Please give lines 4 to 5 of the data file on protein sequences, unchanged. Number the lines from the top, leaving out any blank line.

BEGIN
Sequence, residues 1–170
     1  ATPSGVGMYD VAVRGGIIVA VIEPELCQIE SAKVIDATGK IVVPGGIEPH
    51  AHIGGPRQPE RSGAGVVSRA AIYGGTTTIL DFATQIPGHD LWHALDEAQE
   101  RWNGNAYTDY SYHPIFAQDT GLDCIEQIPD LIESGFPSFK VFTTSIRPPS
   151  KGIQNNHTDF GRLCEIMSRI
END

   101  RWNGNAYTDY SYHPIFAQDT GLDCIEQIPD LIESGFPSFK VFTTSIRPPS
   151  KGIQNNHTDF GRLCEIMSRI